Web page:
"Do nothing. Stay and fight. Or leave. In 2010, the women of an isolated religious community grapple with reconciling their reality with their faith." Based on the novel by Miriam Toews.
Join us for a FREE screening of the film "Women Talking" and a talk back with Director Sarah Polley & CCF Manager Farrah Khan. Part of TMU's 16 Days of Activism to End Gender-Based Violence Events.
November 23rd, 2022, 5:00 door open, 5:30 - 8:00 film screening + q & a
Directed by: Sarah Polley
Screenplay by: Sarah Polley
Based on the book by: Miriam Toews
Produced by: Dede Gardner, p.g.a, Jeremy Kleiner, p.g.a., Frances McDormand, p.g.a.
Executive Producers: Brad Pitt, Lyn Lucibello Brancatella, Emily Jade Foley
Cast: Rooney Mara, Claire Foy, Jessie Buckley, Judith Ivey, with Ben Whishaw and Frances McDormand
Music By: Hildur Guðnadóttir
Rating: PG for mature thematic content, including sexual assault, bloody images, and some strong language
Film Screening and Q & A Organized: Student Affairs, Alumni Relations, Consent Comes First, the Office of Sexual Violence Support and Education
A Note from the Women Talking Producers
We very much want to share our film, Women Talking, with you.
We made this film, first and foremost, to provoke a conversation. About the world we come from, the world we live in, and the world we hope to build.
In Women Talking, a group of women, many of whom disagree on foundational things, have just such a conversation about how to move forward together to build a better world for themselves and their children. Their current reality has become untenable after breathtaking, systemic violence. Their circumstances demand that they immediately engage in a probing, challenging dialogue with each other, despite their natural impulses to disregard each other’s points of view. Do they take action? Or follow the elders’ instructions to forgive and do nothing? And if they elect to do something – what will that be? To stay and fight? Or to leave?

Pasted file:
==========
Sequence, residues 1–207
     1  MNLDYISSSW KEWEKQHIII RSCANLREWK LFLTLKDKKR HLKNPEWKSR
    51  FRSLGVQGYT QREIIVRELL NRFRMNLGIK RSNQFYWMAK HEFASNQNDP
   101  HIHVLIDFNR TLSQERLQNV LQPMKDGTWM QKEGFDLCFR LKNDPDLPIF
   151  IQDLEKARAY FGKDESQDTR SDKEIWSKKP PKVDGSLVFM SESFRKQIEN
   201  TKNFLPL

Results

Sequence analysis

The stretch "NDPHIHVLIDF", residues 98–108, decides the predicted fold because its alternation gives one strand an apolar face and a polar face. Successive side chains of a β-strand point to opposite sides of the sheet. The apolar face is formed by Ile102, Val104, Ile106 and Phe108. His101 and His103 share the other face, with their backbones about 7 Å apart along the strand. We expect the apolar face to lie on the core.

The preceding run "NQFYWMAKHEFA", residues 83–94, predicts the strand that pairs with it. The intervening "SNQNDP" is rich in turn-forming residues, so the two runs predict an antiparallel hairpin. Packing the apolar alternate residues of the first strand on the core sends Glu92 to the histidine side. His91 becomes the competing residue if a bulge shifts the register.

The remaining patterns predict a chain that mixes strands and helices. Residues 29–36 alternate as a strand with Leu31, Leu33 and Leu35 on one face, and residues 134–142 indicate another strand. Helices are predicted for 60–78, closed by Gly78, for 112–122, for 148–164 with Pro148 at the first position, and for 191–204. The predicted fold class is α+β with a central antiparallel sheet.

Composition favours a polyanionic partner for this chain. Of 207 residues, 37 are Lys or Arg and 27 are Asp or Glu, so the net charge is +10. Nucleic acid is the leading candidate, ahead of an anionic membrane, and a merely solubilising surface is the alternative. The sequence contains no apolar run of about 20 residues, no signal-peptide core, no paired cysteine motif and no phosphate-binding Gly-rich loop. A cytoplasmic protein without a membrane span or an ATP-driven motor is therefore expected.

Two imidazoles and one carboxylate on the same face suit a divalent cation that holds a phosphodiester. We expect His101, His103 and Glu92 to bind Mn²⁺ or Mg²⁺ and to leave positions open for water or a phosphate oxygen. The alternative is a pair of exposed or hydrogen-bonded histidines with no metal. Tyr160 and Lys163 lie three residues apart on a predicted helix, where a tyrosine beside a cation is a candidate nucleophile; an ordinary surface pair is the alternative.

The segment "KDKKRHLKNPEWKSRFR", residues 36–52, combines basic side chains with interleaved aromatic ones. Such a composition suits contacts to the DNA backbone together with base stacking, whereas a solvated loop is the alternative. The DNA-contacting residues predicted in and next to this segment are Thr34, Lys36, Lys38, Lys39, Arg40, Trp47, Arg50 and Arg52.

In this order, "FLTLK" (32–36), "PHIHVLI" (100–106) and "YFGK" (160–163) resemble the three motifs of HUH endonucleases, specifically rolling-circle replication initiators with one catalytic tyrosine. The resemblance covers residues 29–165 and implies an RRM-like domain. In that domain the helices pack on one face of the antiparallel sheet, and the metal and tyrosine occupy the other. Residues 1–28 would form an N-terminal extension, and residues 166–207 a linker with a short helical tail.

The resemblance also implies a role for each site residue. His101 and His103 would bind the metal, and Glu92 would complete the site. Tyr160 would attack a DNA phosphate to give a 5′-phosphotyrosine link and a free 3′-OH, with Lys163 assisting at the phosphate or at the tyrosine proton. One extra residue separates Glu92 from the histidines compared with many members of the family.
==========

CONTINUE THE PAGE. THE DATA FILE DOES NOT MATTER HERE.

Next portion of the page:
Although the story that informed the events in Women Talking is violent, the film is not. We do not show the violence that the women have experienced. We only see short flashes of the aftermath. Instead, we watch a community of women come together as they must decide, in a very short space of time, what their collective response will be. In this film, survivors move forward, with strength, complexity, and determination.
As one character says, “Should we discuss what we are trying to achieve rather than what we are trying to destroy?” And if they vote to stay, what exactly would they be fighting for?
The ambition of this film is to capture a conversation in which people take on the possibility of changing their own minds as well as others, and in doing so, unleash the potential of remaking a broken world.
Sarah Polley, Frances McDormand, Dede Gardner
About Sarah Polley: she received an Oscar nomination for Best Adapted Screenplay for her first film as director- Away From Her, based on the short story The Bear Came Over the Mountain by Alice Munro. This film also garnered an Oscar nomination for Best Actress for star Julie Christie. Her next film Take This Waltz, starred Michelle Williams, Seth Rogen, and Sarah Silverman. Stories We Tell, her documentary which examines secrets and memory in her own family, won Best Documentary Film awards from the Los Angeles Film Critics Association, National Board of Review, and the New York Film Critics Circle, as well as a Writer’s Guild of America award for its screenplay. Polley executive produced and wrote the Netflix limited series Alias, Grace, which she adapted from Margaret Atwood’s novel.
As an actor, Polley starred in a wide variety of films, including Atom Egoyan’s The Sweet Hereafter (Best Supporting Actress award from the Boston Society of Film Critics), Doug Liman’s Go (Independent Spirit Award nomination), Zack Snyder’s Dawn of the Dead, Jaco Van Dormael’s Mr. Nobody opposite Jared Leto, Kathryn Bigelow’s The Weight of Water opposite Ciaran Hinds, David Cronenberg’s Existenz, Isabel Coixet’s The Secret Life of Words and My Life Without Me (Canadian Screen Award, Best Actress), Audrey Wells’ Guinevere, Wim Wenders’ Don’t Come Knocking, Michael Winterbottom’s The Claim, and Terry Gilliam’s The Adventures of Baron Munchausen.
In 2022, Polley released Run Towards the Danger: Confrontations with a Body of Memory, an autobiographical collection of essays detailing her relationship with her body and how her memory of past and present experiences have contributed to her evolving understanding of self.